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Australians should be wary of scare stories comparing the Voice with New Zealand’s Waitangi Tribunal

16 May 2023

| Author: Michael Belgrave

Australian Senator Jacinta Nampijinpa Price’s recent claim that the Waitangi Tribunal has veto powers over Parliament was met with surprise in New Zealand, especially by members of the tribunal itself. That’s because it is just plain wrong.

As the debate around the Voice to Parliament ramps up across the ditch, we can probably expect similar claims to be made ahead of this year’s referendum. But the issue is so important to Australia’s future that such misinformation should not go unchallenged. From an Australian perspective, New Zealand may appear ahead of the game in recognising indigenous voices constitutionally. But that has certainly not extended to granting a parliamentary power of veto to Māori.

The Waitangi Tribunal was originally established as a commission of inquiry in 1975, given the power only to make recommendations to government. And so it remains. The Crown alone appoints tribunal members and many are non-Māori. As with all commissions of inquiry, it’s up to the government of the day to make a political decision about whether or not to implement those recommendations.

Deceptive and wrong

Price’s claim echoed a February article and paper published by the Institute of Public Affairs, aimed at influencing the Voice referendum. Titled The New Zealand Māori voice to Parliament and what we can expect from Australia, it was written by the director of the institute’s legal rights program, John Storey.

The paper makes a number of assertions: the Waitangi Tribunal has a veto over the New Zealand Parliament’s power to pass certain legislation; the Waitangi Tribunal was established to hear land claims but its brief has expanded to include all aspects of public policy; and the Waitangi Tribunal “shows the Voice will create new indigenous rights”. The last of the statements is deceptive and the others are completely wrong. The Waitangi Tribunal’s jurisdiction was largely set in stone by the New Zealand Parliament in 1975 when it was established.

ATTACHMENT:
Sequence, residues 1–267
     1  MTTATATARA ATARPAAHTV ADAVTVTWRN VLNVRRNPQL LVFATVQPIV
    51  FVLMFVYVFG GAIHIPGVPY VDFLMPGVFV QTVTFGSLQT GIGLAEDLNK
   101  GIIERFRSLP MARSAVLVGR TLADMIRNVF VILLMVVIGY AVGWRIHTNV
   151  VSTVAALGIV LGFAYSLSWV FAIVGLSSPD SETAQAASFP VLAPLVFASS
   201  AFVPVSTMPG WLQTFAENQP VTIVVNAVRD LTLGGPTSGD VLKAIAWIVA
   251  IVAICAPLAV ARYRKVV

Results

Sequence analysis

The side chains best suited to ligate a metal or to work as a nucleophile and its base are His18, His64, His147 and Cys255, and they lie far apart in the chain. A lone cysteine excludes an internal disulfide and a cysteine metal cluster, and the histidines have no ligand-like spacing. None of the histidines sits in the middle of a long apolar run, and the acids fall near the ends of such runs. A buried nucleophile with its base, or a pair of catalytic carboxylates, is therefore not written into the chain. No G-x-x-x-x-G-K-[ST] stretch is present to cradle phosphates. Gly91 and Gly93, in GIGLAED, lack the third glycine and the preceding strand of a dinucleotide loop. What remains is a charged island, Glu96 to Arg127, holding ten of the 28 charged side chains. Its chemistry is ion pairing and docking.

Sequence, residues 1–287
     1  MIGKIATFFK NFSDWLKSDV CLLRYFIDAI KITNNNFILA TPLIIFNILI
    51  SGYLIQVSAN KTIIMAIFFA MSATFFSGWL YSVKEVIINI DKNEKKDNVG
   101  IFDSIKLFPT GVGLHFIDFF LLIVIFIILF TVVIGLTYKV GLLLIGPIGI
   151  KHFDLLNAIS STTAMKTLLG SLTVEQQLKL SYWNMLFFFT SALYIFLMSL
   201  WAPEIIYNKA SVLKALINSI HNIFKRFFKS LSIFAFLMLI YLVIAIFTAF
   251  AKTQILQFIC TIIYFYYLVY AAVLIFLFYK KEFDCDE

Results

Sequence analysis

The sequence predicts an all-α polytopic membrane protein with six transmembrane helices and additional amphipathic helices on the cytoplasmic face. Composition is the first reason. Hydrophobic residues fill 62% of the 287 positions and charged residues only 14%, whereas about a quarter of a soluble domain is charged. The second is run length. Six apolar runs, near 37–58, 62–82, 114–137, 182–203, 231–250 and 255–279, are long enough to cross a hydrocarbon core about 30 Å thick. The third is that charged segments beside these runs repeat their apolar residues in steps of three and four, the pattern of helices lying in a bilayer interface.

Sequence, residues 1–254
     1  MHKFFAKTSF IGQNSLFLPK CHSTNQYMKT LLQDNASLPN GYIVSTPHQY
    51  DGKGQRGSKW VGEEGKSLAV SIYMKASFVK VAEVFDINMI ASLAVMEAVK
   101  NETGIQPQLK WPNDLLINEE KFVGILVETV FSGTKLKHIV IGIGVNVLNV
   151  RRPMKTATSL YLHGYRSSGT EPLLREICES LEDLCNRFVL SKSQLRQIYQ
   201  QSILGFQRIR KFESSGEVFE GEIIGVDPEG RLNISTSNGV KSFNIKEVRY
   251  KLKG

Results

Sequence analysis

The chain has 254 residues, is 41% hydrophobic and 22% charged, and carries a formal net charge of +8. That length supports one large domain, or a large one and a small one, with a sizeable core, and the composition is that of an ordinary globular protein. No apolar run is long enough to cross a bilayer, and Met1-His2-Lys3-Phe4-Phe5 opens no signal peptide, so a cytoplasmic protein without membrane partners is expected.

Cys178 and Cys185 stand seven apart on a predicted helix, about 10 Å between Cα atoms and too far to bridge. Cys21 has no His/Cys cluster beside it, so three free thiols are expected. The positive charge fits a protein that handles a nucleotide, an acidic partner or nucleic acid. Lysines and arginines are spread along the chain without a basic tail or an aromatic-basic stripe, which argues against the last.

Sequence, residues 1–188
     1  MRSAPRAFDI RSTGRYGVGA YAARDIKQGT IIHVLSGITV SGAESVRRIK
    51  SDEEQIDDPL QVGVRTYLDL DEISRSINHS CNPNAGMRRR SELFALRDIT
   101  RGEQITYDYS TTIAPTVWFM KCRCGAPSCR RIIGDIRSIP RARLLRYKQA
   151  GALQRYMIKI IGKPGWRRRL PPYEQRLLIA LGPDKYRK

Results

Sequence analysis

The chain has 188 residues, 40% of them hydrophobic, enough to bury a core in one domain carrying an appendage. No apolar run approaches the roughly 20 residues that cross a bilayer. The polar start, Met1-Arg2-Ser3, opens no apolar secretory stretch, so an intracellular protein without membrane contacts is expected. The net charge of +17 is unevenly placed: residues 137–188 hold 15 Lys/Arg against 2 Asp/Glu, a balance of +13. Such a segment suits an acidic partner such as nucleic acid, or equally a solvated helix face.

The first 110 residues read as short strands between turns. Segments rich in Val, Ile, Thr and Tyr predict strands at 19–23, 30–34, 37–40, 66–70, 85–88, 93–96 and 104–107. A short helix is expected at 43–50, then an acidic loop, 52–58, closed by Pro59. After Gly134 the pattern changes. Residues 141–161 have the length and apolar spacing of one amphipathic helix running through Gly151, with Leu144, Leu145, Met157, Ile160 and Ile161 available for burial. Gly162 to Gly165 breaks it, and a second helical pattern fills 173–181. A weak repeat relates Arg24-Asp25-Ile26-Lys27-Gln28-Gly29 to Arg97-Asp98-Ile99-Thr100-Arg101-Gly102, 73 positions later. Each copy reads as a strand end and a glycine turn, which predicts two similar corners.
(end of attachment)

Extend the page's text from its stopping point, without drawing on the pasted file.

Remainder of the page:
Far from investigating land claims, it initially wasn’t able to examine any claims dating from before 1975. Parliament changed the tribunal’s jurisdiction in 1985, giving it retrospective powers back to 1840 (when the Treaty of Waitangi/te Tiriti o Waitangi was signed). The tribunal then started hearing land claims. But in its first decade, it focused on fisheries, planning issues, the loss of Māori language, government decisions being made at the time and general issues of public policy.

Historic grievances

Over the past 38 years, the tribunal has focused on what are called “historical treaty claims”, covering the period 1840 to 1992. In 1992, a major settlement of fishing claims began an era of negotiation and settlement of these claims, quite separate from the tribunal itself. With the majority of significant historic claims now settled or in negotiation, that aspect of the tribunal’s work is coming to an end. It has returned to hearing claims about social issues and other more contemporary issues.